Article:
The Avengers strategy is the easiest one to roll with and the one that I use the most often. Basically, each hero has their own personal life and does their own thing, but they come together when they need help or something big shows up. They've got resources if they need them, they've got other people they can call on, and when the dust settles they can go home and try to clean up the destruction their superheroing wreaks on their personal lives.

Monday, October 5, 2015

All the Threats

Something that I like to think about representing in play is how to stat up and run unconventional threats, or how to make a set piece in a battle that would not commonly show up in a comic.

For example, threats like fires or other environmental factors. Things that could be feasibly dealt with, just could work differently (or not) with the mechanics in the game, and how satisfying which takes on it would be.

In particular, one thing I thought that G. Willow Wilson did with the latest adjective-less X-Men series before it ended with the launch of Secret Wars was putting the X-Men up against something that they really couldn't just pummel with their fists. It was also a great way to get inside each character's head and get to the root of each character, but it was mainly the fact that the threat she put them up against was the very earth itself.

The heroes charge in, like they do, and start trying to pummel stuff, especially the strength-type heroes, but it only leads to bad stuff going down (and probably some bad rolls getting made). She puts the heroes in tough spots (like a good EIC) and busts them down - what are their fears? What do you do when your powers don't really help you all that much? I mean, you're trying to fight the planet, basically.

So yeah, one take away is to remember to put them in tough spots, including ones where their powers just don't really work - it's a pretty common trope, but it's a great one when done well because it allows for some time to really get to know the characters and who they are beyond their powers.

As far as actually representing these threats mechanically in Worlds in Peril, I've always statted them up just like regular threats and villains - a Condition Threshold, some moves to make sure the scenes with them are interesting. I've had scenes where the heroes went in to fight a fire (that ended up being sentient, but that's another story) and just had them use Take Down and the other basic moves as needed and it worked really well, but I've got a few custom moves rattling around in my head that could see the light of day soon. I'm always hesitant to give them something that just can't be messed or dealt with by force because I've always had at least one or two player characters that were focused on bashing stuff, but now I kind of want to put my player characters in front of something they can't beat - at least, not until I get a couple scenes where I can get into their heads and as the players what their characters are feeling right now, how it relates to their Bonds, and who they are underneath. I mean, even in Willow's stories she knows that there needs to be way to resolve things (and she lobes a number of intriguing ideas out there before settling on perhaps the most unsettling one).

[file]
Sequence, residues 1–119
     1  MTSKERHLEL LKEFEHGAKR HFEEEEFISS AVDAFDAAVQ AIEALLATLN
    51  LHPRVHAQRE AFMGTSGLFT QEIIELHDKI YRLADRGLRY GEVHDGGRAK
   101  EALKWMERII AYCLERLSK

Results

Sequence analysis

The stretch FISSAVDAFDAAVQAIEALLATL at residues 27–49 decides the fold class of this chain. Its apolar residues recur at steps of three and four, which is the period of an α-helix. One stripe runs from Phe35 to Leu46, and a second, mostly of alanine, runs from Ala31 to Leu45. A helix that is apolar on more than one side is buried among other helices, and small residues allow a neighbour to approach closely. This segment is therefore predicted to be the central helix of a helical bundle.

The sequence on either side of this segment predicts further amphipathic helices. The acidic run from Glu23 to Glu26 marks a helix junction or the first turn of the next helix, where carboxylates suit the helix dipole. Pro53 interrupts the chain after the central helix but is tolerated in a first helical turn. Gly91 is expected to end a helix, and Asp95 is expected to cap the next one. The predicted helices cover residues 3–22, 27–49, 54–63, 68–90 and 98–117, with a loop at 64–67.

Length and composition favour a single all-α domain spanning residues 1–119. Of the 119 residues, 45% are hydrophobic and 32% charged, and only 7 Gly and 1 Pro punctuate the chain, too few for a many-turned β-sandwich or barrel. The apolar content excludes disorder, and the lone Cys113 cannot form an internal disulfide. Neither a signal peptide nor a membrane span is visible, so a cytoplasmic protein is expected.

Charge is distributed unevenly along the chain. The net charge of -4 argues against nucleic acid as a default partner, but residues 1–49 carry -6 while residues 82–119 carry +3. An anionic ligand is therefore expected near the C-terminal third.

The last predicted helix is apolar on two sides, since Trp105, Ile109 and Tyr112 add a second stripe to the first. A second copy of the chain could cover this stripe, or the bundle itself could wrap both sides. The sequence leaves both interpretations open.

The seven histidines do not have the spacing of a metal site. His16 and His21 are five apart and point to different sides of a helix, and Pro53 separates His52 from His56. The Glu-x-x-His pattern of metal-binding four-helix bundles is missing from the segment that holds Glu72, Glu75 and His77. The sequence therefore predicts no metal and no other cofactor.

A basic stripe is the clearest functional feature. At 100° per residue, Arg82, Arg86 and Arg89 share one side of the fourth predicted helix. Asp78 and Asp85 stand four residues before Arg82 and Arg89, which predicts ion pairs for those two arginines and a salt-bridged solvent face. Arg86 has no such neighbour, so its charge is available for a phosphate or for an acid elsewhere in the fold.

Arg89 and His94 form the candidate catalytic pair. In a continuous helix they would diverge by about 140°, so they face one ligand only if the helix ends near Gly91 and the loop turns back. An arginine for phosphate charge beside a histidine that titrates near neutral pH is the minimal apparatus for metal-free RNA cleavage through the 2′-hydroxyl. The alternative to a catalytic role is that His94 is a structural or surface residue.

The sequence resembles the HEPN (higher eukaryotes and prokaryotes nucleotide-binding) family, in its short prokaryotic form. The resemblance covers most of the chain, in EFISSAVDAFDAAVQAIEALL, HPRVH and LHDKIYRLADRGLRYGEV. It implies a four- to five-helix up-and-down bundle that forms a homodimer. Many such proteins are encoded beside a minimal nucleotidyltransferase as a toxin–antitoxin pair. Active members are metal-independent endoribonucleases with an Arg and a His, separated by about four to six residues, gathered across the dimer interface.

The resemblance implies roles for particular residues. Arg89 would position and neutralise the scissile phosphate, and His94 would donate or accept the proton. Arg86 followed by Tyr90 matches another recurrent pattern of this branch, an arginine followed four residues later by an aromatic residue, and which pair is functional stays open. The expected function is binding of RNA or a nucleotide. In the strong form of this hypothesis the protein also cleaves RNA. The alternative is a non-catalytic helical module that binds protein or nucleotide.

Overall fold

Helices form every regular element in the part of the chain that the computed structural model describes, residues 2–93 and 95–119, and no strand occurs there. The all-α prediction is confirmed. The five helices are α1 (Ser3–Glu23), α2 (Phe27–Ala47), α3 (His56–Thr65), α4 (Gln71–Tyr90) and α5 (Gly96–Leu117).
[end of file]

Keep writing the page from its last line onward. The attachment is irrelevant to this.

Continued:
Saturday, June 6, 2015

Worlds in Peril Actual Play Episode 4: The Silver Snail

This ended up being the last game we played with these characters. Benji and Jack glean some information from the good doctor, Benji struggles to reconnect with his family, and Jack learns what his wife was keep secret from him.

Saturday, April 18, 2015

Worlds in Peril Actual Play Episode 3: Double the Trouble

Picking up where we left off, Benji and Jack try to escape from the scene, only to find the yellow monstrosity give chase. Jack realizes that his wife has been keeping secrets, just as he has. Benji decides to strike a deal to try and get his friend back.

Sunday, March 22, 2015

Worlds in Peril Actual Play Episode 2: Mind Power

We open up with downtime and the players using Fit In to recover from some Conditions a bit, and then trying to suss some intel out with Gather Intel. What they learn has them breaking into Mind Power (the company Benji's father founded and the source of some trouble in the first episode) where things start to get a bit messy.

(Intro music by Marc Minier)

Monday, March 16, 2015

Worlds in Peril Actual Play Episode 1: Strange Beginnings

We wanted to do something to show off the versatility of the system so Jason decided to play a very powerful, Superman-esque character while Adam went with a more low powered, Hawkeye-type character with some interesting mystical aspects going in.

I also decided to make it a lot more personal than I normally do since I'm only running the game for two players. Instead of having a bunch of stuff happening in the world that they need to take care of, which is the normal format I opt for, I cooked up a Master Plan that directly involved both characters and had the trouble come to them. We didn't get too far in this game, but I've got some fun ideas for where to go with it and ideas wacky enough that they could end up anywhere.

We only see mooks this game, along with a certain doctor that is sure to play a larger role in the future, but danger surely lurks around the corner. If we don't do downtime via email it should be included at the start of the next episode.

(Intro music by Marc Minier)

Saturday, February 21, 2015

Worlds in Peril Podcast Episode 1: First Timers

Show notes:

In Part 1:

1. Chit-Chat - What's New at Samjoko Publishing:

  • Adam - Reading: Digging into old Dragon magazines and the Savage Sword of Conan, among others, for inspiration. Working on: Working on: an as-yet-unnamed hex crawl, cities as  adventures in themselves, creating a sense of danger even when behind the walls of a city.